In my new home there is a very small garden. You have seen pictures of my past garden – a half acre of roses, rhododendrons, daffodils, euphorbia, hollyhocks – oh, the list goes on. I do miss my garden. I would be lying if I said that I didn’t. But for the last 30 years I have worked at having a garden with something in bloom at all times. In Palo Alto this was not particularly hard as the winters were so mild that the rose hedge was in bloom constantly. Moving to Forestville I learned about winter being a tough time to have something in bloom. (I must admit that in graduate school I gardened in Boulder, Colorado and the only winter gardening was in the basement with heat lamps!) But then I learned about hellebores. For those who are not totally into horticulture, the opening picture is a hellebore. The Lenten Rose is the hellebore – the rose that blooms in the winter.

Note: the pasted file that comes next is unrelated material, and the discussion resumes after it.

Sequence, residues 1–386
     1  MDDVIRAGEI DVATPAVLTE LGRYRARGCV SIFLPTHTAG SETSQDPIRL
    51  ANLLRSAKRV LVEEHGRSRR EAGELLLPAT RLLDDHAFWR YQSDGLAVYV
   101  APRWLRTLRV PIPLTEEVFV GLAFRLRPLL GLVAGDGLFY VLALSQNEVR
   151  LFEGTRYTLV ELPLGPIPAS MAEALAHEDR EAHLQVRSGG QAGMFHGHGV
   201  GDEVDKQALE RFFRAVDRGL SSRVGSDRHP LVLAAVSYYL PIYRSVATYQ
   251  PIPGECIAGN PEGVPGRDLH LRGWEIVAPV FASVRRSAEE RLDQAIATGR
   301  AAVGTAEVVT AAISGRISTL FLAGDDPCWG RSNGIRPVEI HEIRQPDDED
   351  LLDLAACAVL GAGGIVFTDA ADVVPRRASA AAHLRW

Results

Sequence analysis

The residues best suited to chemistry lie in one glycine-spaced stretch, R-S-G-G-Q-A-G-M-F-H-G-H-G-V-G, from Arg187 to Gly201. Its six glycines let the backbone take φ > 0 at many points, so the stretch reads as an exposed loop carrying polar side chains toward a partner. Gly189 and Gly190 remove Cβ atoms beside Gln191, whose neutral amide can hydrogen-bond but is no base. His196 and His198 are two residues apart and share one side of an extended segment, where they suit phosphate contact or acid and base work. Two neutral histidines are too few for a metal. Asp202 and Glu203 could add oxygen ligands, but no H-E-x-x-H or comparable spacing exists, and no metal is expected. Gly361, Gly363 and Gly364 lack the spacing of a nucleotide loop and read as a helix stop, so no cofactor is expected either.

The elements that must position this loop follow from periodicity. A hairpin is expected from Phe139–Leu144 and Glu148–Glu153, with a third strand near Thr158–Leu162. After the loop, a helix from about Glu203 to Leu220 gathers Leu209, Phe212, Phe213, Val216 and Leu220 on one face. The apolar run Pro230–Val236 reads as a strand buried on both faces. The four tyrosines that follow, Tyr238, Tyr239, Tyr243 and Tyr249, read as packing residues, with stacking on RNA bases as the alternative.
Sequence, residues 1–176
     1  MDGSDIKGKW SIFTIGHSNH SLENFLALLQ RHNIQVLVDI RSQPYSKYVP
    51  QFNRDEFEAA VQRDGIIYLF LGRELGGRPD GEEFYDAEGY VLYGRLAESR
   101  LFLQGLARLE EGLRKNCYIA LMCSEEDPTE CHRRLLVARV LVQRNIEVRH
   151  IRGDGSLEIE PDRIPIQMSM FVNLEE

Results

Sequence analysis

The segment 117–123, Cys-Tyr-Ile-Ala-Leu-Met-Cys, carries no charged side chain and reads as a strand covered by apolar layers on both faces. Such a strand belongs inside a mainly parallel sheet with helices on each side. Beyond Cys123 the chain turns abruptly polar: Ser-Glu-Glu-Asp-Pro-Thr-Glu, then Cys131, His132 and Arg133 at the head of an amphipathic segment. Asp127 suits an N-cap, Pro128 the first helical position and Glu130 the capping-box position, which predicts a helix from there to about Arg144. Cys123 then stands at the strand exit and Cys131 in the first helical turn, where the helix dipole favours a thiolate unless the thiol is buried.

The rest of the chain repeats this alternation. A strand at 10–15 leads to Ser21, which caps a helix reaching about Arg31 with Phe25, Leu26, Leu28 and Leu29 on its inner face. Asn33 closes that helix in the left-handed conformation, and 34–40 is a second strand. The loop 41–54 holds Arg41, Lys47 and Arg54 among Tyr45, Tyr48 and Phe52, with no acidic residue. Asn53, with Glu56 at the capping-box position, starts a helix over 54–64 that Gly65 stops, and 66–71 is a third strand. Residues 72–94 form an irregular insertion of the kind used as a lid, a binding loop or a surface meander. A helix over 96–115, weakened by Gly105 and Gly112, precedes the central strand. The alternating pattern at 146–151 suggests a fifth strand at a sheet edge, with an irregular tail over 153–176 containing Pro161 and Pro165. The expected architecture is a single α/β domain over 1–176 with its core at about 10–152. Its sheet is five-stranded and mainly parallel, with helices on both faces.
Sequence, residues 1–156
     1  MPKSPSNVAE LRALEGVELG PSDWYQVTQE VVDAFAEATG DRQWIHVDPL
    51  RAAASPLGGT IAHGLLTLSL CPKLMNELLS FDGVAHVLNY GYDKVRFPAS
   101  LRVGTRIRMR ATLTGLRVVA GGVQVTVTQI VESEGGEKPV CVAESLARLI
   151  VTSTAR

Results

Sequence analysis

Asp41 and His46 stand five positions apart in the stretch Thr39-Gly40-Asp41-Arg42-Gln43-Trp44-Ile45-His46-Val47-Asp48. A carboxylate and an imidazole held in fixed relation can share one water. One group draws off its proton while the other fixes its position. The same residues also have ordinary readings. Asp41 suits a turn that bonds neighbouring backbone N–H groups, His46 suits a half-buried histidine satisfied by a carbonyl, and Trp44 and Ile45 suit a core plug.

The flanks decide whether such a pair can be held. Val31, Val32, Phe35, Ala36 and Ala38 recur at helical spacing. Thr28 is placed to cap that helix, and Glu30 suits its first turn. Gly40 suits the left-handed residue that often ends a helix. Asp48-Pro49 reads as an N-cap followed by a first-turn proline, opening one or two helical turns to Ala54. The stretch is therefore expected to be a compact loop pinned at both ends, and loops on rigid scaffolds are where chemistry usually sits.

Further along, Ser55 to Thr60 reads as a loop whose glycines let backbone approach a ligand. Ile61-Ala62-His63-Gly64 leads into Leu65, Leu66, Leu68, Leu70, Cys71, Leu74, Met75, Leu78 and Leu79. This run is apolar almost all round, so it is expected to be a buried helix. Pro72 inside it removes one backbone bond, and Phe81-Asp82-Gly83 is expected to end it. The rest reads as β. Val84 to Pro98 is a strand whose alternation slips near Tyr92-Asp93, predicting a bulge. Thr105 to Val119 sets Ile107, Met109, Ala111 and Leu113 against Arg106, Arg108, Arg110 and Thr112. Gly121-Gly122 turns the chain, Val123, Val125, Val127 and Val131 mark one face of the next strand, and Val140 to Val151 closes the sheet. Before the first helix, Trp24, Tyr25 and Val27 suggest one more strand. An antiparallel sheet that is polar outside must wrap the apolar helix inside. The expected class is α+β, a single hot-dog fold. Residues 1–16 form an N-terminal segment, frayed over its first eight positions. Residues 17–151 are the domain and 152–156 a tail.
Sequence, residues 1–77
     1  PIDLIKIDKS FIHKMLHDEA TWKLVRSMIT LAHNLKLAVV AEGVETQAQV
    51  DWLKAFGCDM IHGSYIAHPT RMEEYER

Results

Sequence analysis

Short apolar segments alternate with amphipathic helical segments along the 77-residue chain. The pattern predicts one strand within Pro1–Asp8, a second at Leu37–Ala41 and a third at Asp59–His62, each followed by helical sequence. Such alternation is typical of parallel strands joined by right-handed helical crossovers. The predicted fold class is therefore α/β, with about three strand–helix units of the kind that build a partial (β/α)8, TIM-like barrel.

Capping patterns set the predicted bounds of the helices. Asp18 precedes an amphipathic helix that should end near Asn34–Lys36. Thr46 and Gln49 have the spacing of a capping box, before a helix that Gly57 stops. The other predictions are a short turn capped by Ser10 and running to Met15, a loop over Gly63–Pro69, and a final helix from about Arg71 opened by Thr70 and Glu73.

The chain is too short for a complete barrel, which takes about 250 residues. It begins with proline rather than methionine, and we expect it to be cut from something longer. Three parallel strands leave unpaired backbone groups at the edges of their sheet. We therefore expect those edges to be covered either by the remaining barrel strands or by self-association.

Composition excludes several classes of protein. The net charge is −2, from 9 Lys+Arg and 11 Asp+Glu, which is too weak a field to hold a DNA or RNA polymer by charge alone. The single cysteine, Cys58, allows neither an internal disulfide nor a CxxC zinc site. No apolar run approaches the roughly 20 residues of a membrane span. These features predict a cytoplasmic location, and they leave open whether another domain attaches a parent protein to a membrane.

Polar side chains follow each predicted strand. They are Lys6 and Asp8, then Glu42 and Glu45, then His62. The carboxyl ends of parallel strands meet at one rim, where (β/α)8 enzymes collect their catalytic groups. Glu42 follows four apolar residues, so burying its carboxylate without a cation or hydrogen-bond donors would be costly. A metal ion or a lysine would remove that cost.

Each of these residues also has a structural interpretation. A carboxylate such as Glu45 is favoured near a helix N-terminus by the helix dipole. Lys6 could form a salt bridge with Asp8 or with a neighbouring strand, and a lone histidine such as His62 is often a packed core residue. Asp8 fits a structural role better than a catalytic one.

Last June I transplanted plants from my interim garden on Joy Road. Not the best time of the year to move plants and I wasn’t sure that they would all make it. In November I bought a few plants to fill in the bare spaces. The months of December and January were freezing – set many records and made me wish that I had a real heater. The weather this year has been so odd that I didn’t know what to expect when I stepped into my garden on a warm February day. I was certain that my hydrangea was dead. Only because I was very busy, the crispy brown, leafless plant survived my ritualistic winter clearing of the garden. But it has leaves bursting all over. My rhododendron is plumping up and ready to pop. The camellia is already dropping blossoms.
I am excited to see the roses leaf out. The pansies are nodding their smiling faces. The clematis has little bits of green showing up along the brittle tendrils. Coral bells are blooming. Ornamental strawberries are in full regalia. I don’t know by Spring or Summer what will be in the garden but I am suspecting that it will be magnificent. Today I noticed that my rose-blossom-shaped succulent by my front door is beginning to bloom. It is wonderful to live in this wonderful place.